Tuesday, February 15, 2011

Arab crisis: Now it's Bahrain's turn as protesters pour on to the streets demanding political reform and greater freedoms

Thousands of protesters poured into a main square in Bahrain's capital today in an Egypt-style rebellion that sharply escalated pressure on authorities as the Arab push for change gripped the Gulf for the first time.

Security forces clashed with demonstrators who have been calling for political reforms and greater freedoms over two days, leading to the deaths of two protesters and the main opposition group vowing to freeze its work in parliament in protest.

In a clear sign of concern over the widening crisis, Bahrain's King Hamad bin Isa Al Khalifa made a rare national TV address, offering condolences for the deaths, pledging an investigation into the killings and promising to push ahead with reforms, which include loosening state controls on the media and internet. Read more

'They're starving to death': Wild ponies of Bodmin Moor are 'dying of neglect' as FIVE rotting carcasses are found in three weeks

- Many surviving ponies so badly emaciated they have 'no hope of surviving'
- Government says identifying 'irresponsible owners' is impossible.

They have roamed the moor of the West Country for thousands of years - loved by locals and visitors alike.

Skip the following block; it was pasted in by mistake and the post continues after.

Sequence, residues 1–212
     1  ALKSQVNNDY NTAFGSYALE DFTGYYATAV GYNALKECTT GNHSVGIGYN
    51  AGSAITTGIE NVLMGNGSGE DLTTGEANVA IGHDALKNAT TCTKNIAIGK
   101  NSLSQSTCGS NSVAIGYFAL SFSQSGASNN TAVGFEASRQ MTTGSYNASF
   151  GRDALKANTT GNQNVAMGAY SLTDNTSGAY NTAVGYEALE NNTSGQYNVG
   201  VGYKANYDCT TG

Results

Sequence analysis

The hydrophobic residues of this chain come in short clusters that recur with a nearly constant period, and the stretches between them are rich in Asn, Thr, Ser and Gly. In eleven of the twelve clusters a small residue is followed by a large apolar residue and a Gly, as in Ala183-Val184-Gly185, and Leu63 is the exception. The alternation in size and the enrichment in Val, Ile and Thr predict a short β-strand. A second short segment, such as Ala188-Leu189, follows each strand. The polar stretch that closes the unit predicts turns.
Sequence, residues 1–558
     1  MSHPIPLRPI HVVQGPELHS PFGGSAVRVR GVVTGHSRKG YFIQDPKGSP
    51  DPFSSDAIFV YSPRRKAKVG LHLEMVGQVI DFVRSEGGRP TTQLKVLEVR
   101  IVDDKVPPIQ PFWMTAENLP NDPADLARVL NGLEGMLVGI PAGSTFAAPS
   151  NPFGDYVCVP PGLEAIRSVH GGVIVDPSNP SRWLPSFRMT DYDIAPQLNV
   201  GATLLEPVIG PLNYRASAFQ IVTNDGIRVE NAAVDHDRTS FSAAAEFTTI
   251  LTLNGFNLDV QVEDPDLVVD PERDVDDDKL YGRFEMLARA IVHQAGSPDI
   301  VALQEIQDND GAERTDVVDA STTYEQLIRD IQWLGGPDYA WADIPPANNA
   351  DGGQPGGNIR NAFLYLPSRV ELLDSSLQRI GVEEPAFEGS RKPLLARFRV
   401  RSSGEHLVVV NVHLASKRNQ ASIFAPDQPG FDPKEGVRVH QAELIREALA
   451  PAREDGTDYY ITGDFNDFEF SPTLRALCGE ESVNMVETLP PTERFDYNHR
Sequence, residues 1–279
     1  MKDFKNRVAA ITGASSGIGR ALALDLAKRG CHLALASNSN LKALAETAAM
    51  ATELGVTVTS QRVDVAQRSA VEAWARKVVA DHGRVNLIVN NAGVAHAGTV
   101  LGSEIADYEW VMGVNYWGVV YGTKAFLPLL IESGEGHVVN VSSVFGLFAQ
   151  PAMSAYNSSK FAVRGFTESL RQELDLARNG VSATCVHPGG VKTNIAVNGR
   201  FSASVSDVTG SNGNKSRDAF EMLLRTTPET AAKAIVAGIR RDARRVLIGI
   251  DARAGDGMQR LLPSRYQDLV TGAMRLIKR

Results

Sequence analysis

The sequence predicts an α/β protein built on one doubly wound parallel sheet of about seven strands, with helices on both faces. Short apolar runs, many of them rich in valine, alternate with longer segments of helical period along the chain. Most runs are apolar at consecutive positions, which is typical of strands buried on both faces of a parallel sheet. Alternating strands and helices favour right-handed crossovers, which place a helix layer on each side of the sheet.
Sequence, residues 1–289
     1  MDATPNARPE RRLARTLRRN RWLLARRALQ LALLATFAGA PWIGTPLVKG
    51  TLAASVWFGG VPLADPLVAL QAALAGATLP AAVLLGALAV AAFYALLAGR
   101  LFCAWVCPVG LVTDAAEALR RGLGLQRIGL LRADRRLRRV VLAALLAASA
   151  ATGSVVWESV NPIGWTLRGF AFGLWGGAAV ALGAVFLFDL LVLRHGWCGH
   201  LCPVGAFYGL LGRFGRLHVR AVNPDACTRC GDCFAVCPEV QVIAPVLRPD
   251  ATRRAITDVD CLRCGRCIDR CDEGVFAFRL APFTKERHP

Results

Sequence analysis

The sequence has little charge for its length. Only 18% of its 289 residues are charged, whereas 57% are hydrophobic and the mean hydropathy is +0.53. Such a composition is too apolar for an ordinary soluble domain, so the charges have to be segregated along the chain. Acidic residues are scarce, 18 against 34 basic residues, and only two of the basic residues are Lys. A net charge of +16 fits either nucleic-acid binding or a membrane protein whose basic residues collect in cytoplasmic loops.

But as these shocking pictures reveal, the ponies of Bodmin are today suffering appalling neglect.

In the last few weeks, the rugged Cornish landscape has been littered with the grisly bodies of decomposed animals and pitiful ponies so badly emaciated they have no hope of surviving.

Stunned animal welfare charities are so concerned they have taken to patrolling the vast expanse to keep track of the ponies.

The South West Equine Protection (SWEP) group was called to investigate after receiving a tip-off the animals - which are classed as 'semi-feral' - were being neglected by their owners.

The Government says it is aware of the problem, but admits that identifying the 'irresponsible owners' is virtually impossible. Read more

Plane crash alert may have been meteorite strike

A METEORITE strike may have led to emergency services receiving reports of a plane crash in the early hours today.

Fire crews from Selby, Tadcaster and West Yorkshire were called to the Whitley Bridge area at about 12.20am as they investigated reports an aircraft may have come down in the area.

However, the six teams did not find any aircraft which had crashed, and North Yorkshire Fire and Rescue Service said a meteorite strike was possibly the reason for the alert. Source

Houses being sold off for a Price of a car.